Paying Attention Close to Home

by dellspause / Jun 17, 2009 / 1 comments

About four weeks ago I was introduced to the concept of WWOOFing - World Wide Opportunities on Organic Farms - (www.wwoof.org), and my world changed.  I recently became a raw vegan, and this idea of traveling around the world working on organic farms to better understand and connect with culture, life, ecology and conscientious farming really grabbed ahold of me.  So when I stumbled across Prairie Farm Produce (www.prairiefarmproduce.com) in Baraboo, Wisconsin, days after hearing about WWOOFing, I was thrilled.

 

This homestead, right across the street from the International Crane Foundation, is quiet in the morning.  Pulling in to one of the four or so parking spaces in the front driveway, you see a produce shed.  Weathered grey wood walls and a whiteboard announcing the day's prices greet you. Greens, local honey and, soon, vegetables await purchase in a household fridge.  And, you should know, they are some of the best greens I have ever eaten.  The lettuce mix is outstandingly buttery and rich; the spectrum of greens, deep maroons and sultry purples of the lettuce stand out in the big leaves.  And the kale...yum.  The taste is light, refreshing and the leaves bigger and the texture kinder than its grocery store counterparts.  I always buy the kale in a two:one ratio to the lettuce mix, I must admit.

Besides eating an oversized bowl of kale salad myself every day (the recipe follows below), I also use it in the freshly squeezed juices that I serve at my coffee, beer and wine house in Wisconsin Dells, Wisconsin (www.dellspause.com).  It feels pretty good to hand over local produce in fresh, healthy juices to my customers.  

Besides the great produce the farm yields, there are great ideals.  WWOOFing ideals. Community ideals.  Ecological ideals.  In the brief conversation I had with intern Caylan Larson, he noted that the owners, Rory and Bobbie Hinz, even use horse and plow when time allows.  When he told me this, I wanted to find Rory and Bobbie, shake their hands and say "thank you".  But the best news to a young eager enthusiast like me?  The Worker Share Program that the farm offers.  Prairie Farm Produce belongs to a CSA, community supported agriculture, program, which has become popular enough to create a demand for labor.  And they are counting on volunteers for this labor.  Volunteers spend five hours in the field weeding and harvesting, and, in return, are very happily rewarded with a box of "pick yourself" greens or produce.  A WWOOFing concept, right in my backyard!  These finds, they just feel good.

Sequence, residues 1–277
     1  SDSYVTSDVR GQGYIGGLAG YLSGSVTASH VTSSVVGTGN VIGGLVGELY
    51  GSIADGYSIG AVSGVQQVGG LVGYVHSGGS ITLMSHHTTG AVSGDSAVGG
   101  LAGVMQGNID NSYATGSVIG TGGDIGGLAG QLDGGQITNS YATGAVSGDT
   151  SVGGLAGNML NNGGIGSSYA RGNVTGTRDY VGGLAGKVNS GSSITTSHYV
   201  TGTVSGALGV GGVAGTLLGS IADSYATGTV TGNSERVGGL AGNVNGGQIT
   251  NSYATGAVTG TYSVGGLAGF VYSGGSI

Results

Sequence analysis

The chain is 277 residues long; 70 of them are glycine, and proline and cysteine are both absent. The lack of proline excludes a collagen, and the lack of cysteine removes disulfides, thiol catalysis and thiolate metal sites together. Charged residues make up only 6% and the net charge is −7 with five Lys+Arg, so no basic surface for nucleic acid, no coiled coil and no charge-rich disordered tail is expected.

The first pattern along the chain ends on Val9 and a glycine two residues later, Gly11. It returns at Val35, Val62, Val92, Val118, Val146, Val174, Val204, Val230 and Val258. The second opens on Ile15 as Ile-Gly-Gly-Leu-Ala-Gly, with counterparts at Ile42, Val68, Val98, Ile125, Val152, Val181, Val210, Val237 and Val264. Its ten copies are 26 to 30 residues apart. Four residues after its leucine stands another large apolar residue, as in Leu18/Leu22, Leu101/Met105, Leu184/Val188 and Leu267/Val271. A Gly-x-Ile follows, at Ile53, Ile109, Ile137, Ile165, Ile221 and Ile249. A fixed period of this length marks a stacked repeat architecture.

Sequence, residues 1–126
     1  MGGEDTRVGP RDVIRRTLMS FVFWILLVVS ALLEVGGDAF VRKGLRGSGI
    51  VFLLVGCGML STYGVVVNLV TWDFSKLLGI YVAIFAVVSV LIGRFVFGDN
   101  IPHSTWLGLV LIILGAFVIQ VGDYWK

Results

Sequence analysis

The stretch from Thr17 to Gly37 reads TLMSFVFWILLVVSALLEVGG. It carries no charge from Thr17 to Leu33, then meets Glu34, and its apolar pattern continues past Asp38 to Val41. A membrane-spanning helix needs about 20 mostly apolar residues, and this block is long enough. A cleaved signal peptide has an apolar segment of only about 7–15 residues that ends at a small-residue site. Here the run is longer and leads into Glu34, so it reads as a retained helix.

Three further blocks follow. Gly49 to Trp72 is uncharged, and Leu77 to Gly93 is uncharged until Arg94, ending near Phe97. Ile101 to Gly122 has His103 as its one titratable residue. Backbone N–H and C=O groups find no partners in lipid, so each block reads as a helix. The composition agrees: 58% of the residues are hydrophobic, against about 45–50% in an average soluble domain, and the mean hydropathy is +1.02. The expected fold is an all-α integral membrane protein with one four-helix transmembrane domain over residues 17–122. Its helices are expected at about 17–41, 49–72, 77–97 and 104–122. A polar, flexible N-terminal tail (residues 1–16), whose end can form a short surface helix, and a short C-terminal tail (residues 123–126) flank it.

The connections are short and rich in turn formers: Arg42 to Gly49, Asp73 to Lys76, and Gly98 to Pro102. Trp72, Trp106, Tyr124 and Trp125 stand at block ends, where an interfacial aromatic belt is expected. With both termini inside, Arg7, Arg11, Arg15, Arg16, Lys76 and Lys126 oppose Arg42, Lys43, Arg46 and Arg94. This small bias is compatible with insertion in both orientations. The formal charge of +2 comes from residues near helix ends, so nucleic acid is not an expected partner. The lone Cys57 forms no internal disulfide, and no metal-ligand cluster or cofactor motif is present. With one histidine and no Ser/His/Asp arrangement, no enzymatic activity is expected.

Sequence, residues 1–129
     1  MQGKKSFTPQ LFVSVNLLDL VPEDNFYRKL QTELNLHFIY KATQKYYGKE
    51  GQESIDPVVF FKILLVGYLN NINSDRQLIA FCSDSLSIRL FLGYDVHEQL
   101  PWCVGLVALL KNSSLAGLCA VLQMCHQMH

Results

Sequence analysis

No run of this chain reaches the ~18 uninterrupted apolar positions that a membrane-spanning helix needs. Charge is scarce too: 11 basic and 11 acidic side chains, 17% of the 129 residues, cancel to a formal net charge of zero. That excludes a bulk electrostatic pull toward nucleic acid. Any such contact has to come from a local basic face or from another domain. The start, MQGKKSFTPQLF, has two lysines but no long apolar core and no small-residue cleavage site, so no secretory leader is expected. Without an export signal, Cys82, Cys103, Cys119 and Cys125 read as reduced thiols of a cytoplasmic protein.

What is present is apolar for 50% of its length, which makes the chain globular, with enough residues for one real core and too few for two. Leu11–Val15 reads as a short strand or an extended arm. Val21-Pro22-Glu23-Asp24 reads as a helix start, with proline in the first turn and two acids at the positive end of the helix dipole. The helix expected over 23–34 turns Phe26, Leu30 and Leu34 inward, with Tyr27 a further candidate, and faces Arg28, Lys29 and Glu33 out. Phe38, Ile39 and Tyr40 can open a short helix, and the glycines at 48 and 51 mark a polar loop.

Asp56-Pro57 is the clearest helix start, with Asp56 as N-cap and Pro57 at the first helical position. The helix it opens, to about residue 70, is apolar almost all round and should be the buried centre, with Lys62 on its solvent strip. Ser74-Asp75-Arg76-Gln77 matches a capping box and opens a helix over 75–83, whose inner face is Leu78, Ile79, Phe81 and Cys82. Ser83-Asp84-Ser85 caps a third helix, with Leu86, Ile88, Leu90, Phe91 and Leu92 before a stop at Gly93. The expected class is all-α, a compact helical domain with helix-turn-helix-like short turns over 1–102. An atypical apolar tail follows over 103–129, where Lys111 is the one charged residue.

Kale Salad

Kale, washed and torn into bite-sized pieces

Juice from 1/2 a lemon

Olive oil

Sesame oil

Nama shoyu (cold-pressed soy sauce, found at Whole Foods, etc.)

Untoasted sesame seeds

Everything is to your taste! I like to squeeze the lemon juice on first, as it seems to open up the kale. Then I drizzle on the oils; if I am feeling like a more oriental taste, I use a bit more sesame oil.  Follow with a few shakes of the nama shoyu.  This can be found for about $20 for a liter, but if you prefer, you could use regular soy sauce.  I top it with a good amount of untoasted sesame seeds.  Some days I throw in shredded red cabbage and tomatoes, too.

For more information on volunteering with Prairie Farm Produce, please contact Caylan Larson, intern, at i[at]caylan.net.   For more information on Pause Coffee, Beer and Wine house, please see www.dellspause.com.

 

Bianca Richards is the Organic Foods Editor for Wandering Educators

Comments (1)

  • Dr. Jessie Voigts

    14 years 11 months ago

    wow, bianca, how cool is that, to find a WWOOF so close to home! lucky! and your recipe sounds delicious. thanks for sharing!

     

    Jessie Voigts, PhD

    Publisher, wanderingeducators.com

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